One day a shepherd who had lost his flock and couldn’t find it, came by to quench his thirst and being very tired, fell asleep. He dreamt that his flock were with a woman who told him to build a shelter there and tell others to come. When he woke up his flock was back. Grateful and with the help of the Zoroastrians he built this sacred fire temple.
I’m not going to lie to you and say it is easy to climb all those steps from the bottom of the mountain to the sanctuary.
But it is well worth the climb to see this very special Zoroastrian fire temple. There has been a lot of misunderstanding about fire temples and their meaning. Some going as far as labelling Zoroastrians as fire worshippers which is incorrect. Fire for the Zoroastrians is a symbol of purification like holy water or the cross are symbols associated with Christians. It represents God’s light or wisdom so they always pray towards the fire or light.
Every year in June, thousands of Zoroastrians come here to perform their annual pilgrimage not only from different provinces in Iran but also from other places in the world.
The moment pilgrims get the first glimpse of the shrine, they are supposed to abandon their vehicles and walk the rest of the way. I wish I could witness the pilgrimage one day but outsiders are not always allowed to be present.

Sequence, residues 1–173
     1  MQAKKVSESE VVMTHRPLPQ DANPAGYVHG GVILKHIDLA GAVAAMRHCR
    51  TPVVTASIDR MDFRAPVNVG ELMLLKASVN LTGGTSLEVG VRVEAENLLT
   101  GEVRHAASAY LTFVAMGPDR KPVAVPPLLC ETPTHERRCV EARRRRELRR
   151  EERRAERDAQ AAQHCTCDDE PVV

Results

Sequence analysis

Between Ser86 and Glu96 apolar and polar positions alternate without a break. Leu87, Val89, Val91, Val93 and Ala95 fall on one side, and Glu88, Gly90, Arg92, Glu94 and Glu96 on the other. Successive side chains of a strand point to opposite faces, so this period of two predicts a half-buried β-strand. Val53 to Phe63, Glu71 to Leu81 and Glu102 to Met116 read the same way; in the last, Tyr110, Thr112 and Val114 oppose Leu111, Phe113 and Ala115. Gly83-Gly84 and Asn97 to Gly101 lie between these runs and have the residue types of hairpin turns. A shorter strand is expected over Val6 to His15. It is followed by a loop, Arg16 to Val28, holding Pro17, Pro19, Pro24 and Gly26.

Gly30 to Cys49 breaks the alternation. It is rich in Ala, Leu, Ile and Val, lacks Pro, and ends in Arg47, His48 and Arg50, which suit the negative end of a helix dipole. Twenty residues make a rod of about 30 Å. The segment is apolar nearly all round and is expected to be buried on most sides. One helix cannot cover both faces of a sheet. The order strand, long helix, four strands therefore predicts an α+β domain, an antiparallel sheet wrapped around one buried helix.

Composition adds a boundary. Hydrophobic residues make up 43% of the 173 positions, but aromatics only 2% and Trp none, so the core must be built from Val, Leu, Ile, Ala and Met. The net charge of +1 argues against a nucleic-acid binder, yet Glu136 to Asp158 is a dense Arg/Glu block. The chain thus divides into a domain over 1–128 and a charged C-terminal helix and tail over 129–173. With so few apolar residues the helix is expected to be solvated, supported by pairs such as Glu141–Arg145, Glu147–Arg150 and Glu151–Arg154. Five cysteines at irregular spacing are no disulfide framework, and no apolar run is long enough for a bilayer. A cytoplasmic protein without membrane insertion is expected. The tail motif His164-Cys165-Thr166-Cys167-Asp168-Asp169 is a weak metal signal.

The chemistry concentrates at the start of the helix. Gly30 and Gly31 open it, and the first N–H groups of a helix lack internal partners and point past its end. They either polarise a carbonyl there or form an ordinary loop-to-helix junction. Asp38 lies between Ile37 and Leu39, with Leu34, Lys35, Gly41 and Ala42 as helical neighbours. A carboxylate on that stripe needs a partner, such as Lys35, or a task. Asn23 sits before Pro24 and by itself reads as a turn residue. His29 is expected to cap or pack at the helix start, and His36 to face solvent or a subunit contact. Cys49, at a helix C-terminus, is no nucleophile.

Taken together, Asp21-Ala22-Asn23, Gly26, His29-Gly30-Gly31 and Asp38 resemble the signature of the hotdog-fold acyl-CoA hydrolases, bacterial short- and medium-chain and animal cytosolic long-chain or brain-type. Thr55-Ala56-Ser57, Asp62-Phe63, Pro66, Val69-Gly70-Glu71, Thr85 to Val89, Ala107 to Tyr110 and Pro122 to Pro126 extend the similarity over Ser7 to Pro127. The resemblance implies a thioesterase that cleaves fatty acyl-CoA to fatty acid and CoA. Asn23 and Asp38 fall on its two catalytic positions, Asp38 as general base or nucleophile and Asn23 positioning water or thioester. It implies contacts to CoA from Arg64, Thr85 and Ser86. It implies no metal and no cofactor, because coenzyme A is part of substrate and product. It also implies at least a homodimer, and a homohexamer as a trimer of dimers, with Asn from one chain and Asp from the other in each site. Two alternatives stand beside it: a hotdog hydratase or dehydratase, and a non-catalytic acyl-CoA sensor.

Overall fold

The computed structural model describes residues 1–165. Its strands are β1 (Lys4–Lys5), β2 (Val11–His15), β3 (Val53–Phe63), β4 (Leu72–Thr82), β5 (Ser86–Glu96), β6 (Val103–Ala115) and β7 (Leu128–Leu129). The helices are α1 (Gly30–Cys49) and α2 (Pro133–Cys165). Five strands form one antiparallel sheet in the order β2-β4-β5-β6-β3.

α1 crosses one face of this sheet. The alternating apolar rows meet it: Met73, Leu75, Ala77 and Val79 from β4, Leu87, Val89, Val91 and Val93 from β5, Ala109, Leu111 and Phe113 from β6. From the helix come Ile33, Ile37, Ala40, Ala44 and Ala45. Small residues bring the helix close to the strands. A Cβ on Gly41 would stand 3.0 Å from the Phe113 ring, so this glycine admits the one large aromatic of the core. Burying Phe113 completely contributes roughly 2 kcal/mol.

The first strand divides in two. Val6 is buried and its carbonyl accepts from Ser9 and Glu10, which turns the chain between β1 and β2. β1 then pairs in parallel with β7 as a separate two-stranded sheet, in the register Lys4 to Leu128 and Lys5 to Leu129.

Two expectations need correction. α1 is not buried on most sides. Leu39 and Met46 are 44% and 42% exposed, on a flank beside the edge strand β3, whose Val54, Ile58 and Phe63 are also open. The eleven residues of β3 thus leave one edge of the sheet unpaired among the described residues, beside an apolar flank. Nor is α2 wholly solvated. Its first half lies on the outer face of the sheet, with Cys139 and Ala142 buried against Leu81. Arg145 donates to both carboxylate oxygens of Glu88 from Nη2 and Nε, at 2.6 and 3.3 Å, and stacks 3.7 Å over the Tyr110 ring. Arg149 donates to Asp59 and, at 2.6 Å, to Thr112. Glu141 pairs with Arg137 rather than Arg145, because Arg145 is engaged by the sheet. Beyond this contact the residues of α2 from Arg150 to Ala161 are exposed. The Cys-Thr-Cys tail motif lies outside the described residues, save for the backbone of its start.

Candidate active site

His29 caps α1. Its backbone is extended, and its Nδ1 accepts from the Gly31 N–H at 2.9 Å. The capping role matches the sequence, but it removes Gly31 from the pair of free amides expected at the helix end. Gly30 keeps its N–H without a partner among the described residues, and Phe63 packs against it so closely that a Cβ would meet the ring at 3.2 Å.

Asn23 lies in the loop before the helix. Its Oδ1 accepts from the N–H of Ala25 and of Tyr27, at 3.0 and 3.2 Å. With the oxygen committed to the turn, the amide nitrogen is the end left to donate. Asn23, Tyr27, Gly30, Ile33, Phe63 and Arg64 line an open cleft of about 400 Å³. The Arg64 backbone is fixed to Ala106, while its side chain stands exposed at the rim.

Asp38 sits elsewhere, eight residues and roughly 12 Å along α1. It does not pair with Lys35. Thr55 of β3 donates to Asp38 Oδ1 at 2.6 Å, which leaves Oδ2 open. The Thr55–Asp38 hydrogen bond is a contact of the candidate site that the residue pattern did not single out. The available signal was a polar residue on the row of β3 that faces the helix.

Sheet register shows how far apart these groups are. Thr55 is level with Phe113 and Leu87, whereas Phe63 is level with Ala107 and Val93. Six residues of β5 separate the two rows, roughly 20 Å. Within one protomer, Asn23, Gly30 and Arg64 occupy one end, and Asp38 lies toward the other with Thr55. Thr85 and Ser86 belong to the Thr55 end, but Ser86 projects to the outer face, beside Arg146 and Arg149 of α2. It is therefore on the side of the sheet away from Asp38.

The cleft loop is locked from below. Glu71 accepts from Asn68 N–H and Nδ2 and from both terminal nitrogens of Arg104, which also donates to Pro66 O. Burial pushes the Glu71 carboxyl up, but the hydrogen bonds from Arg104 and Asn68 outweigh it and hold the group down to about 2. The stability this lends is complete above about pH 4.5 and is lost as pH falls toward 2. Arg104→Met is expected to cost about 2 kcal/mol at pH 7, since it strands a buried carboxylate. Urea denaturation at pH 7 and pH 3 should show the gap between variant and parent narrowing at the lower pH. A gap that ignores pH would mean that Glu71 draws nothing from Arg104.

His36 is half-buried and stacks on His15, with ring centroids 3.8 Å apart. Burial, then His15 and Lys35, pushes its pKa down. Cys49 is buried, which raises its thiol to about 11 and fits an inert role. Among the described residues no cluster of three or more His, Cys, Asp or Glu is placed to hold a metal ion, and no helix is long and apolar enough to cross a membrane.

Before we passed the threshold, we took off our shoes and wore white slippers, that were offered at the entrance. The Fire temple is just beautiful. An impressive cave where the miraculous dripping water still flows in the natural rock formations. There is also the permanent fire that symbolizes purification, the three symbolic candles and the ones that some pilgrims light when they come for prayers. There was a spiritual, peaceful atmosphere with the fresh breeze that entered the temple and the sound of the water dripping.
Looking at the mountainous landscape and at an image of the prophet Zoroaster, suddenly I hear what sounded like a prayer.
A Zoroastrian was reciting a prayer, probably from the Avesta, the sacred books of Zoroastrianism. We listened quietly, grateful we could witness it.
Before leaving I stole one last glance at the central fire altar and the tree candles at the back symbolizing good thoughts, good words and good deeds.
It was time to seek another sacred fire, the “highest grade fire” in Iran. The Atash Behram or Atash Kadeh as it is also known, was built in 1934 but it encloses a sacred fire said to date from 1500 years ago. The fire has been moved several times throughout the centuries but has now been permanently consecrated in the Atash Behram.